Inca Trail Permits: Why You Should Plan Ahead

May 21,2013

The Permits

Though it may seem inaccessible and exotic to some, the truth is that the Inca Trail is hugely popular, and receives a metric ton of demand from travelers from all over the world every year. In the 80’s and 90’s, what began as a small number of companies offering guides to hike this four day trek quickly turned into an avalanche of tourism that ultimately threatened the health of the environment, and the priceless Inca ruins along the route.

The Peruvian government quickly saw the risk of destroying its natural and cultural resources. Today, Peru’s Ministry of Culture caps the number of people allowed to hike the trail at 500 per day. Of that number, only 200 are actual tourist hikers, the rest being accompanying guides and porters. Predictably, snagging a permit to hike the trail is a hectic affair. Only a select number of companies are allowed to buy them directly. They are assigned to a specific hiker’s name to prevent a black market of permits. And they sell out quickly. In 2013, Inca Trail permits through July were completely sold out by March.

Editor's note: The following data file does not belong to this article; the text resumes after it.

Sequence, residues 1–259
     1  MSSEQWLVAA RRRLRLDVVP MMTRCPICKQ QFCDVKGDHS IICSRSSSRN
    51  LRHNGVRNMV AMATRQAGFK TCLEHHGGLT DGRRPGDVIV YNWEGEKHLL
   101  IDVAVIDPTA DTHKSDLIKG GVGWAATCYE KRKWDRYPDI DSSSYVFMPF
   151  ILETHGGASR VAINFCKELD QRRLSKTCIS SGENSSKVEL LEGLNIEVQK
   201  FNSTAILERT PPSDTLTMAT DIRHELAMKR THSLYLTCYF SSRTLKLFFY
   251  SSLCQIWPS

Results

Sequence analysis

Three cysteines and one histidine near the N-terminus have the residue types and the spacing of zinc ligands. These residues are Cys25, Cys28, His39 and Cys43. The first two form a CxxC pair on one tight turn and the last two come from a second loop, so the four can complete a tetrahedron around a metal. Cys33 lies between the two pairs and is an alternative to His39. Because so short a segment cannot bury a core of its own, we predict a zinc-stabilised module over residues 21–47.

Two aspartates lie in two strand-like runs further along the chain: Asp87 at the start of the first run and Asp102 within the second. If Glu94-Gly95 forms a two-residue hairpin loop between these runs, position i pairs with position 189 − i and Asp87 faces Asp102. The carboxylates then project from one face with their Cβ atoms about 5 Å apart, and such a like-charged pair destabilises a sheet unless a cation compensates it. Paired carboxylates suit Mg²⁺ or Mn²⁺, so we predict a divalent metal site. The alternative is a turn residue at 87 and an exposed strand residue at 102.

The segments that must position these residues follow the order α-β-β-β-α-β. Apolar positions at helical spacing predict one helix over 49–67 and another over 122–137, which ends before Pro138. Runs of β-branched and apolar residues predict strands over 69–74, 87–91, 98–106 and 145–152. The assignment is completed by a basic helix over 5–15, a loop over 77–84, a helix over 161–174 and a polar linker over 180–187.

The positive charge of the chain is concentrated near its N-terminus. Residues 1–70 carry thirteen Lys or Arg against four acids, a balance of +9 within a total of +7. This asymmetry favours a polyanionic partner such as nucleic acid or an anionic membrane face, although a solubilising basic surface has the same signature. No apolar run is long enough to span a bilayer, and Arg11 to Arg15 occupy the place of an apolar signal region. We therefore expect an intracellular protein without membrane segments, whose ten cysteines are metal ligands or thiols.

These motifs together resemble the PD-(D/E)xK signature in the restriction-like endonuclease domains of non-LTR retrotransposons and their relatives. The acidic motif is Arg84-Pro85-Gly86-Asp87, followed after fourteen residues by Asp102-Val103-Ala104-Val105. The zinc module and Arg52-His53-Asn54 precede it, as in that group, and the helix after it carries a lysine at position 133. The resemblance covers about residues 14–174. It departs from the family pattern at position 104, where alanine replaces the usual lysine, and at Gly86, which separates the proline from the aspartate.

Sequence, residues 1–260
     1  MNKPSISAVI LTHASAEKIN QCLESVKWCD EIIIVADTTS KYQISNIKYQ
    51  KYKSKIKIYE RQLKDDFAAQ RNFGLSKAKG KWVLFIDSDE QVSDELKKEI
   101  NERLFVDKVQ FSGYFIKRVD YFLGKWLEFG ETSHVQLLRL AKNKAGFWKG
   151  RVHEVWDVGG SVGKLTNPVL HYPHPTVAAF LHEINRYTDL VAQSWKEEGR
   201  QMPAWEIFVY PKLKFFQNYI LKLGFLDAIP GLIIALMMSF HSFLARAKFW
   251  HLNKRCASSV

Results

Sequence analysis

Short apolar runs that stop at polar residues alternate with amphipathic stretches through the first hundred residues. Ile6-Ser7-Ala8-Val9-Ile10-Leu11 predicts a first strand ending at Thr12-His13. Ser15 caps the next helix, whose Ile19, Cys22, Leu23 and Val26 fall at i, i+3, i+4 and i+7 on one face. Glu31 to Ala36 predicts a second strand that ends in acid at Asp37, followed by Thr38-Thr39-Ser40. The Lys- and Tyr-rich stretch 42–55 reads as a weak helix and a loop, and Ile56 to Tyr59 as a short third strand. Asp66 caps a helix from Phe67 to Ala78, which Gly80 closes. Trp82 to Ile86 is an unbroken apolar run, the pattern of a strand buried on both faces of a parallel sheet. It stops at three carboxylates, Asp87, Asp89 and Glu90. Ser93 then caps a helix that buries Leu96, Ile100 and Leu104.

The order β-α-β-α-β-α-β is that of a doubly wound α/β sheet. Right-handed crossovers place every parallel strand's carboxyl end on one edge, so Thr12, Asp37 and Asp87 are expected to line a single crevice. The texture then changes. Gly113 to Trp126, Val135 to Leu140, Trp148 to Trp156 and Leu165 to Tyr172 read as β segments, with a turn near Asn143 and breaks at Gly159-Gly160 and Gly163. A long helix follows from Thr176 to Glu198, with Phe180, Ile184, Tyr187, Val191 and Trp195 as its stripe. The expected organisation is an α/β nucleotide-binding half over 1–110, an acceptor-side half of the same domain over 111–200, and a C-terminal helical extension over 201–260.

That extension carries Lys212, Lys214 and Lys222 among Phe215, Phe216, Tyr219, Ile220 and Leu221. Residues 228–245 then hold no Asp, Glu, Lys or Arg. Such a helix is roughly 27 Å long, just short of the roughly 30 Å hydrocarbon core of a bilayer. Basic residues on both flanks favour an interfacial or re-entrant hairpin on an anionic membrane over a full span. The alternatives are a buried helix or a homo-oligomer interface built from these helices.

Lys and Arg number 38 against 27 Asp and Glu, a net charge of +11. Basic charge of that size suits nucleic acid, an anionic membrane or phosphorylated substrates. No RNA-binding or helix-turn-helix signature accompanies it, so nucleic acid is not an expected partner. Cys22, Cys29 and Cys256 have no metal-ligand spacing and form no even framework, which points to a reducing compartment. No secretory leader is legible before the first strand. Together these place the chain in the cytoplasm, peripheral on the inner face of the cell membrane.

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Peru Announces New Machu Picchu Airport

August 29,2012

Machu PicchuEarlier this month, Peruvian president Ollanta Humala announced plans for Peru to open a new airport with closer access to the ancient ruins of Machu Picchu. This $US 460 million dollar project, reported on by BBC News, aims to drastically improve international access to Peru’s most visited tourist attraction as well as create more jobs for the surrounding community. The closest airport in Cusco is generally too small to accommodate large planes or a high volume of daily flights, and the planned airport in Chinchero, a town about 20 minutes outside of Cusco, aims to improve on these limitations. The project’s first step will be to begin expropriating large lots of land around Chinchero.

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Mi Chacra Tells A Porter's Story

April 27,2012

Feliciano and FamilyA documentary film has been making its way around the office this week. This DVD has changed hands again and again, and we have all spent time witnessing a year in the life of a man named Feliciano and his young family. The film, Mi Chacra, or “My Land,” has been speaking to our company’s ethos in a unique way. Superbly filmed and scored largely with a traditional quena flute, the documentary manages to encompass the epic nature of the Andes mountains along with the very personal story of a family trying to make a life-changing decision. The story covers themes both personal and human, along with the larger issue facing all developing countries: that of rapid urban growth and shrinking rural populations. Beautiful scenery, and the exposure of a disappearing way of life come together to tell a story both foreign and familiar.

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